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Best Tips for Moving: From a Military Spouse

by Meg Garman, League Member

Packing up your entire home and moving doesn’t have to be a disaster, whether it’s across town or even across the world. During my husband’s 10-year career as an active duty pilot for the Air Force, I learned a lot of things to do and probably even more on what NOT to do when we relocated. We have had as little as 55 days notice a move was coming, moved into our new house a mere three days before Christmas, and our last move was when our youngest was one month old! Thank goodness for baby carriers.

Our first move was the most disastrous. We learned the hard way to keep a keen eye on those packing for us because as we unwrapped boxes and packages moving from Enid, Oklahoma, to Marlton, New Jersey, we were near tears. We could hear boxes jingling with broken dishes before opening them. A packer even put a cast iron pot on top of a Tiffany lampshade! It had been a wedding present and, unfortunately, was completely caved in and beyond repair. We decided going forward those irreplaceable and sentimental items needed to be packed by us. For future moves, I put copious amounts of paper and bubble wrap around a favorite original painting we purchased on our honeymoon. We drove it ourselves instead of sending it on the truck. Even the best movers won’t necessarily be able to recognize your most prized possessions.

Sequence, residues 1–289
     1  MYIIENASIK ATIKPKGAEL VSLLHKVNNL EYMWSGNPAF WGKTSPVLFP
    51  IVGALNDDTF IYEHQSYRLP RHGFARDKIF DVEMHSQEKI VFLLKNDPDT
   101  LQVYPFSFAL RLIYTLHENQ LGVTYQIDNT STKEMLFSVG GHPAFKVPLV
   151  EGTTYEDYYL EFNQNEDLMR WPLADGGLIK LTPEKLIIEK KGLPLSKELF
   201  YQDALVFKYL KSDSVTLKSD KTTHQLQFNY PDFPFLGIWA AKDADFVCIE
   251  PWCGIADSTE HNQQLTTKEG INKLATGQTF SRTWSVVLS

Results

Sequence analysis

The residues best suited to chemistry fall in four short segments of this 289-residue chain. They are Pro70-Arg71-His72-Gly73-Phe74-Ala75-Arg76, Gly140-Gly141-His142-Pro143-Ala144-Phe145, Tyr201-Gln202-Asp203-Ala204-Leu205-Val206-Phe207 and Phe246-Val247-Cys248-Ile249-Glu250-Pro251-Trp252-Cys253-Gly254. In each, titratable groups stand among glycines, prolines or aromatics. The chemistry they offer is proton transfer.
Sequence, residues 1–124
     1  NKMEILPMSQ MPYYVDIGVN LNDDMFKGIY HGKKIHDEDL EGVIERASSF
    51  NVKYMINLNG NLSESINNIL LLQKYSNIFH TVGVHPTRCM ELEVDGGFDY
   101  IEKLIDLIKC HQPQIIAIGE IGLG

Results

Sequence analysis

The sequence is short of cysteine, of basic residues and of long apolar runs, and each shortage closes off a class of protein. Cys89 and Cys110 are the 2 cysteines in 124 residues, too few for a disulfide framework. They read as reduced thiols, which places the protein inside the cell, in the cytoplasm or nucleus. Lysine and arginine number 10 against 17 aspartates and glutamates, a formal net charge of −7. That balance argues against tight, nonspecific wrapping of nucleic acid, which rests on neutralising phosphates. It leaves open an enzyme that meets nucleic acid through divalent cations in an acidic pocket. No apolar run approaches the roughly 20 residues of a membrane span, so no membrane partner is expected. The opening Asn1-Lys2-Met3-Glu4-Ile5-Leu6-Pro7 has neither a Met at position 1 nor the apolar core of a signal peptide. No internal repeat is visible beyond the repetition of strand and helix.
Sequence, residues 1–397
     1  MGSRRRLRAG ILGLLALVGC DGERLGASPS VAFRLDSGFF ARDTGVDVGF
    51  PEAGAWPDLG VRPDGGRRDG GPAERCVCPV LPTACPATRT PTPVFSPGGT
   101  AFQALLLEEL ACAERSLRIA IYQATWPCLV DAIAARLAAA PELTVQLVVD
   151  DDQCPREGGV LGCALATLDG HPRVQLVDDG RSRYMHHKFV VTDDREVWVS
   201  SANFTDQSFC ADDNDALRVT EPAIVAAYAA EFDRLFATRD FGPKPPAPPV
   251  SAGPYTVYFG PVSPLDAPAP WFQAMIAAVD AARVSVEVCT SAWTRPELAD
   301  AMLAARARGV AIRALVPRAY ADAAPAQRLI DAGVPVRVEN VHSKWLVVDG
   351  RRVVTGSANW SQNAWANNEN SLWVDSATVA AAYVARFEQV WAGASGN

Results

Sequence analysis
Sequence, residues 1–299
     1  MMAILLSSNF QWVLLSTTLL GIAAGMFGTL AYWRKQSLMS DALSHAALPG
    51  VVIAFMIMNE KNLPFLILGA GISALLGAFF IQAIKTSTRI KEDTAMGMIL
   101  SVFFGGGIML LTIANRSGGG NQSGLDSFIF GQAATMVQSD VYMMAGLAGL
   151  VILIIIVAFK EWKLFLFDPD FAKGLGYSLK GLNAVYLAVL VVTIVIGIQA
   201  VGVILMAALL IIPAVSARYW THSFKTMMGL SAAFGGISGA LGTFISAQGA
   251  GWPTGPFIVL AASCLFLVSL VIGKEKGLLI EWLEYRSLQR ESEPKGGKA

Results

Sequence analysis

Here are some valuable Moving Tips:

  • When it comes to the actual packing, one of your best friends will be liquor boxes from a liquor store or Trader Joes. They usually will give them away for free. These are perfect for all types of glasses and stemware, spices and oils, mason jars, and even toiletries. It saves you a lot of time not to individually wrap each thing. They may seem tiny, but in our experience, small boxes are better because they are easier to carry and not as daunting to unpack. It feels wonderful when you are unpacking to finish a box! We’ve also found that Blue Apron or similar food delivery service boxes work well for many of the same reasons and even come with their own bubble wrap insulation. If you decide to invest in styrofoam dish packs, make sure to hold on to them. They are great to use again for holiday plates or to loan out to a friend.


  • Set aside one small box for all of your remotes. Make another small box with individual sandwich bags of furniture bolts and other important parts. Label each bag with scotch tape so that you aren’t stuck with a bed frame and no way to put it together. The movers lost our bed’s bolts in our first move. We had to sleep with our mattress on the floor for six weeks while the manufacturer shipped us new parts. Don’t be like us!

  • Some moving companies will let you move with your drawers intact. If you are moving yourself, get one of the giant plastic wrap rolls moving companies sell and wrap it all up with your drawers full. It is a relief to show up to your new house and have your bedroom mostly done once you put your bed together.

  • The very last box you pack should also be the first one you unpack. It should have a pair of scissors, some tape, a measuring tape, paper cups, plates and utensils, everyone’s daily medications, Tylenol, bandaids, chargers for electronics, and if you’re like me– a corkscrew or church key!